environmentalists claim, because Hawaiian
monk seals are starving from
lack of a food source

Double standard exists about gays

I'm a little confused. I was happy to see recent news stories about Hawaii joining the fight against banning gays from the Boy Scouts, and especially appreciated the comments of Girard Lau of the state Attorney General's Office. He said the bottom line of this issue is trying "to eradicate discrimination whenever possible."

By filing a friend-of-the-court brief in the New Jersey case, Hawaii is helping to take a stand for social justice. However, here's where I get confused: This is the same state that allowed its Legislature to ban same-sex marriages.

Does it make sense to say that homosexuals can be Boy Scout leaders but they cannot share the same rights and responsibilities as heterosexual people? I just don't get it.

Alika Campbell

Court was right to find against Boy Scouts

The New Jersey Supreme Court found that the Boy Scouts are not a private organization for good reason. They often use public facilities -- parks, playgrounds, schools, etc. -- for free or at substantially reduced rental rates.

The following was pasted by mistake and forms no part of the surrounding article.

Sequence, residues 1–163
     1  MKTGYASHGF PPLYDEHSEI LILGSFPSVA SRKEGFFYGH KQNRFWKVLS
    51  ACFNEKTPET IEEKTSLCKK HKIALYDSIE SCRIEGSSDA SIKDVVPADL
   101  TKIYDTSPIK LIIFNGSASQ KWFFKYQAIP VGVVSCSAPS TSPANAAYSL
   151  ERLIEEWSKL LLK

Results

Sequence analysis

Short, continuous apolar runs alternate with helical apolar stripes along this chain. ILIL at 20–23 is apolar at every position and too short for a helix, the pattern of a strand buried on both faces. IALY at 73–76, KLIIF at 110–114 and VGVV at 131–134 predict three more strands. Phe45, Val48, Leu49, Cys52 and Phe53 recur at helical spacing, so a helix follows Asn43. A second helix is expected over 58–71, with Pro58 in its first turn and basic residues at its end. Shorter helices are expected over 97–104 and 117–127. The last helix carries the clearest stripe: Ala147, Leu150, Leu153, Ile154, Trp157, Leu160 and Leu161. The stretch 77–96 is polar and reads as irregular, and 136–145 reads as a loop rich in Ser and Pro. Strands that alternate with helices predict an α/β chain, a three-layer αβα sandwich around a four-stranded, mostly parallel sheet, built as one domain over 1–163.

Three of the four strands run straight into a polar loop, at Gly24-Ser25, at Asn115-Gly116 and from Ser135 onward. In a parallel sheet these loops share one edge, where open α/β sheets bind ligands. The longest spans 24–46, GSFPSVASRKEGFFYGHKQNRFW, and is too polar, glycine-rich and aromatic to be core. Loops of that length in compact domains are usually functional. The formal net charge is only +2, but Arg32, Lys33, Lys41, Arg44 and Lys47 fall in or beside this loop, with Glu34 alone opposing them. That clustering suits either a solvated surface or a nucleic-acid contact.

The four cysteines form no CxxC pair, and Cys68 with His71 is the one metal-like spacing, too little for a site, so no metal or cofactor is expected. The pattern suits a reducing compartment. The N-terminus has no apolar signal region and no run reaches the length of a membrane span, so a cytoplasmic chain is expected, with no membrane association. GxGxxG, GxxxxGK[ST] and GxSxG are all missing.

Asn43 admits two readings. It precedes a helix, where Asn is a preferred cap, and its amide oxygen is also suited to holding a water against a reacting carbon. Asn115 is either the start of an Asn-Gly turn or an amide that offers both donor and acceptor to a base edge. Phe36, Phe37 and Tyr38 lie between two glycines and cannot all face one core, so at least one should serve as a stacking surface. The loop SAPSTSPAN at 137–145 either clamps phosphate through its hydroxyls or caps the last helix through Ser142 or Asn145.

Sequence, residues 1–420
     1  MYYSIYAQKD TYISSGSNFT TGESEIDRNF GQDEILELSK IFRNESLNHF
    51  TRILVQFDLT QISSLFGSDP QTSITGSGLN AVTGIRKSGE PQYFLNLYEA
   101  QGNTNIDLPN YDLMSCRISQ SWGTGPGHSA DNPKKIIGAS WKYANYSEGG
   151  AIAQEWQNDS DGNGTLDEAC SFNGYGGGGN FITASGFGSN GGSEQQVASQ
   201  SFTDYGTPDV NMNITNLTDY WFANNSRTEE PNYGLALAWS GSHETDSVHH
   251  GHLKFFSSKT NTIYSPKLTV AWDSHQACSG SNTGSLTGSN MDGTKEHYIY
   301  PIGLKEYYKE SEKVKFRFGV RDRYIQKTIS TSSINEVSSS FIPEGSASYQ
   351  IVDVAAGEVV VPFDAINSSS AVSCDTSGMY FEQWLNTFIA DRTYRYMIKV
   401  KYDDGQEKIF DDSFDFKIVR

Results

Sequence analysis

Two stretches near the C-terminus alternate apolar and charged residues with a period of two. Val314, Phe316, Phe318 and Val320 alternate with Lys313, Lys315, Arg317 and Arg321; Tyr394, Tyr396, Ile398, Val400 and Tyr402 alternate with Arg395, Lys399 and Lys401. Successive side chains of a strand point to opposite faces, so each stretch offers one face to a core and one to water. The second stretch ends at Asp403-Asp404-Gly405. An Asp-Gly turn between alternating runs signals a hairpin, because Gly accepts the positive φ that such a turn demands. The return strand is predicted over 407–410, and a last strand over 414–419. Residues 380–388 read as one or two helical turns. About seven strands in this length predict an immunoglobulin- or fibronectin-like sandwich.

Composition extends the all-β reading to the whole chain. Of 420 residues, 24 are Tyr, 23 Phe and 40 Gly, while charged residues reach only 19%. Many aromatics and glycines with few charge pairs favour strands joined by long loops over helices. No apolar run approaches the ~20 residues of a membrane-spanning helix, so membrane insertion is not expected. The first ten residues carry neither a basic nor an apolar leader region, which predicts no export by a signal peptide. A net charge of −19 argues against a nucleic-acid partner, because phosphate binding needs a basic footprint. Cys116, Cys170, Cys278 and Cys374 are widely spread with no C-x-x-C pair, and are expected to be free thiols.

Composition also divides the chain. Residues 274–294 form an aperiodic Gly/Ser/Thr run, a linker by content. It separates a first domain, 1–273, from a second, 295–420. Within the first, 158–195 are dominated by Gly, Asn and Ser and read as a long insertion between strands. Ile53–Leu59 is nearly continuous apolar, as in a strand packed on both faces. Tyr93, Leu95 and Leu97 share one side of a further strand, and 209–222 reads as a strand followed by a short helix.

This means the Boy Scouts are being funded by taxpayers. As such, the organization is a public institution and subject to nondiscrimination laws.

If the Boy Scouts wish to invoke their "right of association" and want to continue their discriminatory attitudes against gay American citizens, they should stop using taxpayer-supported facilities to practice their unconstitutional discrimination.

If they want taxpayer support, they need to stop discriminating against citizens who are otherwise fully qualified to be members.

Ken Scott

Mayor Harris is quick to claim credit

There is a playground in Kalihi right next to powerful Hawaiian Electric Co. generators, and Mayor Harris expects parents to let their children play on this equipment that cost us a lot of money -- to put up in the wrong place.

Therefore, not only are we out of the tax dollars, but the kids in Kalihi have nowhere to play.

I hope that Harris proposes to handle this faux pas as fast as he appears on TV to say how good everything really is during his administration.

Thank you, Mr. Mayor, from a taxpayer and registered voter.

Lise McGrew

How will development save Hanauma Bay?

The city's plan to "Save Hanauma Bay" falls way short of any proven justification for such a development. Its own Final Environmental Impact Statement (FEIS) reports: "The composition of the coral primarily a result of natural processes and not a result of human impact" (section 4, page 29). Park manager Alan Hong recently stated that "one good rain will do more harm to the bay than a year of human use."